As consumers, we’re pretty darn reachable. I just got an email from my mother-in-law (she’s a well-intentioned email forwarder, and an example of my previous point) saying that my cell phone number is about to become fair game for telemarketers. As dreadful as that sounds, it reminds me that I can now have trusted, known providers reach out to me virtually anywhere I am, 24/7. If my auto insurer calls me, it could well be that I forgot to pay my bill, and I will be grateful. But if they want to deliver a clever product pitch at the same time, I just might say yes. Good for me, good for my insurer.
Coffee brings us together, despite the calories and the cost. I probably drink too much coffee. But I totally buy into the thinking that a simple pleasure now and then is a good thing. So imagine my surprise when I pulled into an oddly orange coffee shop in Chicago and discovered that it was a front for…ING Direct? Now, I did not buy insurance from ING that day, even though the caffeine (and a biscotti) put me in a good mood. But there were lots of people there, and someone probably did. Or will because they snagged some info while they were there. The point is that new business models are emerging, in perfect sync with changes in consumer behavior. Coffee and free wi-fi are influential, and smart insurers will leverage that fact.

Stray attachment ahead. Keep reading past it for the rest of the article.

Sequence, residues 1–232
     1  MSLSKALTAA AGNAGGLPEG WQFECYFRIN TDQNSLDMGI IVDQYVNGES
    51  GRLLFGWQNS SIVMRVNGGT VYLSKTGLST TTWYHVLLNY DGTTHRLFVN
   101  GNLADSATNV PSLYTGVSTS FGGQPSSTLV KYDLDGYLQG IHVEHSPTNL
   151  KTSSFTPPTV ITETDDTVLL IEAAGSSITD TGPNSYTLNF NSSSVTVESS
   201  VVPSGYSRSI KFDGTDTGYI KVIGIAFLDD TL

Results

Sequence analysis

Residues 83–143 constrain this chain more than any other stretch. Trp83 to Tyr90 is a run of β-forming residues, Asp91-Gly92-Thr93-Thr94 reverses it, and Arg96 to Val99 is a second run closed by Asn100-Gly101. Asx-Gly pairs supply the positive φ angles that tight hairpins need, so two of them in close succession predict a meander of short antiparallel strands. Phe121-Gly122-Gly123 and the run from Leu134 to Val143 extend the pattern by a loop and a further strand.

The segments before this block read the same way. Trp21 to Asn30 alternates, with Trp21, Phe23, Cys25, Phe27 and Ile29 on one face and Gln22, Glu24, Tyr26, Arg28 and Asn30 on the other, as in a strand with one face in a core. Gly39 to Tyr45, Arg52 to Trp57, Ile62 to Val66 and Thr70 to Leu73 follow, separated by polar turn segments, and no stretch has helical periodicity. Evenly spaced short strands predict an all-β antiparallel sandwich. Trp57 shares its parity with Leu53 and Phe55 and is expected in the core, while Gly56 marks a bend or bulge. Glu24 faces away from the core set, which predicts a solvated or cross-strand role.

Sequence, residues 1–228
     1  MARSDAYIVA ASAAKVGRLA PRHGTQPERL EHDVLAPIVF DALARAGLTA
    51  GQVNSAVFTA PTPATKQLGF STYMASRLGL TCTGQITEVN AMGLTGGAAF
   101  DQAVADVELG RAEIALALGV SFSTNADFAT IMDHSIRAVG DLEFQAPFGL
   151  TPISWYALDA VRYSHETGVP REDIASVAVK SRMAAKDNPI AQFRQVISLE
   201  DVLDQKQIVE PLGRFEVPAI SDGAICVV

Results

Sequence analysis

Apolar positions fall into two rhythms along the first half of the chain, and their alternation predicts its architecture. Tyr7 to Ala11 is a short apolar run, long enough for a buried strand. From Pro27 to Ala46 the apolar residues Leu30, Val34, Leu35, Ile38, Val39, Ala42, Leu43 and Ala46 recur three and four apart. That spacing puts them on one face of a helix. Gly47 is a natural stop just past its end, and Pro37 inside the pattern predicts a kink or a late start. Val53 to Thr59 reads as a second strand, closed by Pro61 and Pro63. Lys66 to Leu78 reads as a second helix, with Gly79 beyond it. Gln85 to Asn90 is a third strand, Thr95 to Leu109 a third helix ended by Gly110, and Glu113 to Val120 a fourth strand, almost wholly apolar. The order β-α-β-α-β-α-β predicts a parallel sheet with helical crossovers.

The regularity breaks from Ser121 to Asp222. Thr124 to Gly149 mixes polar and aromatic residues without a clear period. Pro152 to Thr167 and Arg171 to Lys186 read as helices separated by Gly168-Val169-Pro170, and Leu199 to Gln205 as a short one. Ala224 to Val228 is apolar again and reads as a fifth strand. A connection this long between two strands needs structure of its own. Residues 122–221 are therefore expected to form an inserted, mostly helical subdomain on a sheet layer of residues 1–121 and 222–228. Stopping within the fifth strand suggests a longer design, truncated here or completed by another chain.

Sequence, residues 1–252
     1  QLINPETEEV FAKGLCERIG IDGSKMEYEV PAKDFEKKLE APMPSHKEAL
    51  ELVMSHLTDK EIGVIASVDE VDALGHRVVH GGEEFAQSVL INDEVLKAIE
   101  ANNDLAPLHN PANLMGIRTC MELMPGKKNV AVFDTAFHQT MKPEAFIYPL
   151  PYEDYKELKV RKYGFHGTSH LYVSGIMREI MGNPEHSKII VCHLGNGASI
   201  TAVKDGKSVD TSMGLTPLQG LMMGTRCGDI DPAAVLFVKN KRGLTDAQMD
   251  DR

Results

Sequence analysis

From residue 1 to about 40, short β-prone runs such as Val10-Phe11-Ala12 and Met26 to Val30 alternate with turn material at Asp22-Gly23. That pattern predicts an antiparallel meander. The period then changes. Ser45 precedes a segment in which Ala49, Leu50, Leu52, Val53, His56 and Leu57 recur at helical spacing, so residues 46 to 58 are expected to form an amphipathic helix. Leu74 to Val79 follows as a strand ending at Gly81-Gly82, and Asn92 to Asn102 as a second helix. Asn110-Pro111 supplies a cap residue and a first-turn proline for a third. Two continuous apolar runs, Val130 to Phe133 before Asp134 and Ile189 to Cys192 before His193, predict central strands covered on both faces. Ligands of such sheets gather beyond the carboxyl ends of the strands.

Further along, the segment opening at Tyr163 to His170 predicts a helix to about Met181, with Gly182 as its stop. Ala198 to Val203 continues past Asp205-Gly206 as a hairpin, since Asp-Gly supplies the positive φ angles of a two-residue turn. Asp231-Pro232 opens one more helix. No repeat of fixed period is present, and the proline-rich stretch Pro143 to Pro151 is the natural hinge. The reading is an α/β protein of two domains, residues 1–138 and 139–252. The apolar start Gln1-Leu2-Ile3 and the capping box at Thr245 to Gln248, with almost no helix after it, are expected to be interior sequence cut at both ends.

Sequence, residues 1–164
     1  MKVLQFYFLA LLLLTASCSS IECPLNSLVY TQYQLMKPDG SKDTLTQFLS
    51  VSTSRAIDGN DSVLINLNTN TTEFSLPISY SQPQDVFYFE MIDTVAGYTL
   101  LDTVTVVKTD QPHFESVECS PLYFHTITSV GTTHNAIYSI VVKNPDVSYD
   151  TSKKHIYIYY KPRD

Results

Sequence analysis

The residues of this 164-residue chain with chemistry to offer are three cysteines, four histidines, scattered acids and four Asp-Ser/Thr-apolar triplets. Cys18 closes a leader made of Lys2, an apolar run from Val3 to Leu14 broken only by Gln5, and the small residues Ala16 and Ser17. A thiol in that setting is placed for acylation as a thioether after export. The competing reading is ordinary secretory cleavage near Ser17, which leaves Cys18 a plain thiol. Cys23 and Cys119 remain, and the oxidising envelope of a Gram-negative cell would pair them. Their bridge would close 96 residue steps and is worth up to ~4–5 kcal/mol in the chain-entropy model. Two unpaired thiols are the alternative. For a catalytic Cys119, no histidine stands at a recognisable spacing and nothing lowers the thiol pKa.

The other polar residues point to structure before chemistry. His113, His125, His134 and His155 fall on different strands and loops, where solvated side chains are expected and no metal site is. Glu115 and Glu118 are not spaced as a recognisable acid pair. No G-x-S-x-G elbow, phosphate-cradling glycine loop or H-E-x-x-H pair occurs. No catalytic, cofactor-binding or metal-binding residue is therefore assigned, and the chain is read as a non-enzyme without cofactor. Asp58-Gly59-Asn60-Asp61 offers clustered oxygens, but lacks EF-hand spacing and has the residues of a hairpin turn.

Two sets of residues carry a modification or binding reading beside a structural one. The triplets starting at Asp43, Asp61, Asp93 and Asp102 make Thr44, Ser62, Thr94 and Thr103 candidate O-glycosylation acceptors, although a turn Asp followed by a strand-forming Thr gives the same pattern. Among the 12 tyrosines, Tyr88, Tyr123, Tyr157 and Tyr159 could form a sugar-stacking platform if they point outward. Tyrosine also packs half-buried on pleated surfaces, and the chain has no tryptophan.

So next time you’re relaxing in a cyber café, have a latte, fire up your laptop, and check out Donald’s report if you can. It’s important and interesting reading. But remember that you’re part of a number of new normals, and some of them are very good for our industry.
The direct channel requires an appropriate front end: To take advantage of the growing adoption of the direct channel, insurers have to emphasize low cost, highly automated flexible processes on a scalable platform. This goal can be best achieved through the implementation of open and flexible front end systems facilitating interactions with potential customers, integrating modern communication tools for call center officers and allowing a high level of reactivity in terms of product, pricing and discount changes.